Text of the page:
Chicago Bulls forward Brian Scalabrine is one of a kind.
There aren't enough words in the English language to describe him.
And while only averaging 13.3 minutes per game, 6.5 in the last three seasons, he is a fan favorite wherever he goes.
After being drafted by the New Jersey Nets in 2001 out of the University of Southern California, Scalabrine has since been with two other teams: the Boston Celtics and the Chicago Bulls. And his best season was the 2004-05 season with the Nets when he averaged 6.3 points per game while playing 21.4 minutes a game, 14 of which he started.
But don't let the stats fool you. Inside, Scalabrine is a man's man.
A true warrior.
There are arguably few other players who are as knowledgeable about the game than he is. By spending most of his career watching from the bench, he has come to understand the game in a way very few players can. In this way, he is very valuable to coaches.
And this is why he ended up with the Chicago Bulls.
When Tom Thibodeau came over from the Boston Celtics, Scalabrine came right along with him. Not to be a star player, but to be the player-coach he is now. Scals knows Thibodeau's system better than anyone else on the Bulls. If younger players were struggling with the new system (e.g. the 22-year-old Derrick Rose and 24-year-old Joakim Noah), he would be able to answer any of their questions and assist them, helping teach them the way Thibodeau would want them to play.
Then there's the obvious outside of the White Mamba.
In his headband wearing days, Scalabrine could easily be described as someone who came over from playing pick-up basketball at the YMCA. He just didn't look like someone who would play in the NBA. And that's probably where all this love came from. To the NBA fan, Scalabrine looks like the Average Joe—someone who everyone can relate to. And when he is able to hit the three-pointer, that just makes it even more the better.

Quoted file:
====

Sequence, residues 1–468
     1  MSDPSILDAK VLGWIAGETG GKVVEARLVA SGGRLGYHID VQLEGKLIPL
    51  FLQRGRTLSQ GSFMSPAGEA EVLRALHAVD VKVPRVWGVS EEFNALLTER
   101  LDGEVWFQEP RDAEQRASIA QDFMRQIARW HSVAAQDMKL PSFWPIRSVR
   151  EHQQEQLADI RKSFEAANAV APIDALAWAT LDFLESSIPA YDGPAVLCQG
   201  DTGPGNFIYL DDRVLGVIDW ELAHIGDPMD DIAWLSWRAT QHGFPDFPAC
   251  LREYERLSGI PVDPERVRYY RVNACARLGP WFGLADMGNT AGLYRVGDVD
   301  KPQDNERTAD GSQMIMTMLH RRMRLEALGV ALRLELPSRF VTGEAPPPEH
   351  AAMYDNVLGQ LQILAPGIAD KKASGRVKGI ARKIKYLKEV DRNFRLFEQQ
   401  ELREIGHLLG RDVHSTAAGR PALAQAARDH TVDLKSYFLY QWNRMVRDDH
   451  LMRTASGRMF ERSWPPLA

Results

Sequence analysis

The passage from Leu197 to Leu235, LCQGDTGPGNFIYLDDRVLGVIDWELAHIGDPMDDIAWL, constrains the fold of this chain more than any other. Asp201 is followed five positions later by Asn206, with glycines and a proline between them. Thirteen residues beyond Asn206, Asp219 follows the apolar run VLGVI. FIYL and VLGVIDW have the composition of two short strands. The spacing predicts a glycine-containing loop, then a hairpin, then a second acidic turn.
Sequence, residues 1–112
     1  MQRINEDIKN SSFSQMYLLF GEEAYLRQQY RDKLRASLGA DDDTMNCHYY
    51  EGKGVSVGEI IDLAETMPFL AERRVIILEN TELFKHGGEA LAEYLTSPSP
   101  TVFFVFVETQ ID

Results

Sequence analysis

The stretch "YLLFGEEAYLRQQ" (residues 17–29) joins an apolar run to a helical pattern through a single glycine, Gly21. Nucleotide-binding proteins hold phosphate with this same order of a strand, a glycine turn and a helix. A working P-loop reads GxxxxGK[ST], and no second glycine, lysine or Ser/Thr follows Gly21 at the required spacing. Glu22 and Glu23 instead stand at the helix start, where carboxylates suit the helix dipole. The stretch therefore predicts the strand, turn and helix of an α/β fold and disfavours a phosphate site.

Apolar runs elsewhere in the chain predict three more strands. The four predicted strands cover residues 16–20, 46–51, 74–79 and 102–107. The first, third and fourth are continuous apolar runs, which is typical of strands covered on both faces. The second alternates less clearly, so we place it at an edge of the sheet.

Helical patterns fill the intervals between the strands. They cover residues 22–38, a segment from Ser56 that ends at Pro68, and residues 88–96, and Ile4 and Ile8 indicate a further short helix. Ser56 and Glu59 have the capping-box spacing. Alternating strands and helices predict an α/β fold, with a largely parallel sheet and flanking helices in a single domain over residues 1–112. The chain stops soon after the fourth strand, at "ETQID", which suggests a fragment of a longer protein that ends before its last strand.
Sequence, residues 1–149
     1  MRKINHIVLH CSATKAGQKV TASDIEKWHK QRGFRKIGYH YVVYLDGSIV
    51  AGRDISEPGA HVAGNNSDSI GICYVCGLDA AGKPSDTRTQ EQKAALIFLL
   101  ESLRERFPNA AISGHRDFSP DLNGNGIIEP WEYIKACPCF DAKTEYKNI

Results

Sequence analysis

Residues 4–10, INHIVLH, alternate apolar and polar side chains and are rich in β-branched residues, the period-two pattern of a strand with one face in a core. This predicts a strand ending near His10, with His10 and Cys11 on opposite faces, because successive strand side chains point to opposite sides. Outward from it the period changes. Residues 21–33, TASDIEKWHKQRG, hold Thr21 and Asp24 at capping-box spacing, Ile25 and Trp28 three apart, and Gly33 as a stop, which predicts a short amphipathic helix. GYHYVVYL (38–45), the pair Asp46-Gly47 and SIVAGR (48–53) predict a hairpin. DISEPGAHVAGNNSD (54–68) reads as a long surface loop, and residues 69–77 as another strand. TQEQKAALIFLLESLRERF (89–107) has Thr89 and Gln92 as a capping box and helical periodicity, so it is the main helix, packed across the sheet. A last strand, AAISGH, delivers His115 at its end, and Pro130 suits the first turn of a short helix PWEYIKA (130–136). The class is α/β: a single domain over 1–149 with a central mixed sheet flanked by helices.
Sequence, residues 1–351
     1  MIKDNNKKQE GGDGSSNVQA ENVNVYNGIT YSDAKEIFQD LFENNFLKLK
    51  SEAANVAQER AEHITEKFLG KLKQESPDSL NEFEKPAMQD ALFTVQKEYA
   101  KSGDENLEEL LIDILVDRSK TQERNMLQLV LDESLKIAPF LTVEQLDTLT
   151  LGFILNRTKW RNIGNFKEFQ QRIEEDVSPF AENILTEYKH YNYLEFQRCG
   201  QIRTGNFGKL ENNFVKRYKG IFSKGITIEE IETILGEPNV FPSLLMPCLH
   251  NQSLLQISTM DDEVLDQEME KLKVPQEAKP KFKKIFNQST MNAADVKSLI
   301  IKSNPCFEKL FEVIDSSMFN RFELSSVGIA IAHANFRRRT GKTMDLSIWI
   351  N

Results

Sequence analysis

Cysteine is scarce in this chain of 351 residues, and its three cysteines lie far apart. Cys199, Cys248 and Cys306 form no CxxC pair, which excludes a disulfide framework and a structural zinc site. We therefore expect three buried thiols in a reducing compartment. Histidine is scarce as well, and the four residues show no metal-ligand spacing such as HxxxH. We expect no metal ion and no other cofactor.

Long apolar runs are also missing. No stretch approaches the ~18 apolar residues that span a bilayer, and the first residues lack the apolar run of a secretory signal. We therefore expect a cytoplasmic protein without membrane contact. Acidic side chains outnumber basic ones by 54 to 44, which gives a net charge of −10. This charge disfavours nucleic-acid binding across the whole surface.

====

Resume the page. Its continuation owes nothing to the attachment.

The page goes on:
It's not just the looks that make him so lovable; for someone who doesn't have much to brag about, Scals sure knows how to run his mouth.
That just makes him all the more lovable.
In a recent ESPNChicago article, Scalabrine explained what would happen should one of the starters go down:
I'm going to play 40 minutes, I've got to be ready to play 40 minutes. This happened to me in the past. I played big minutes and I had to keep playing and playing and playing. And you have to be ready for that. You can't just, because you're not playing, not work. I work every day like I'm going to be playing basketball for 44 minutes a night.
Now before anyone tells him that an NBA game is 48 minutes, this is a perfect example of the classic Scalabrine. He knows full well that he will rarely see court time, but he talks like he is the missing link for a team to win a championship.
To top it all off, Scalabrine is extremely fan friendly. Wherever he goes, he won't hesitate to talk to people and have a normal conversation, maybe even crack a few jokes. Not only is he a famous NBA player, but he is also someone you would love to have over on a Saturday night to hang out with. Through his almost cult following, Scalabrine still remains human.
And that's the great thing about him. While he takes the game seriously, he doesn't take himself too seriously.
Now, after moving through two cities, Scalabrine has found himself in the Windy City. He is as loved in Chicago as he was in Boston and New Jersey, where they make signs and T-shirts whenever he comes back.
Lucky for him, his career was given a boost by the Chicago Bulls TV team of Stacey King and Neil Funk. On air, King is constantly praising Scalabrine and begging Chicago to pay attention to him.
King's greatest line about Scals is calling him "the man, the myth, the legend."
Don't worry, Brian Scalabrine's legend will last a long time after he is gone.
And if you want to laugh at him, go ahead. I'll guarantee you that he'll be laughing right along with you.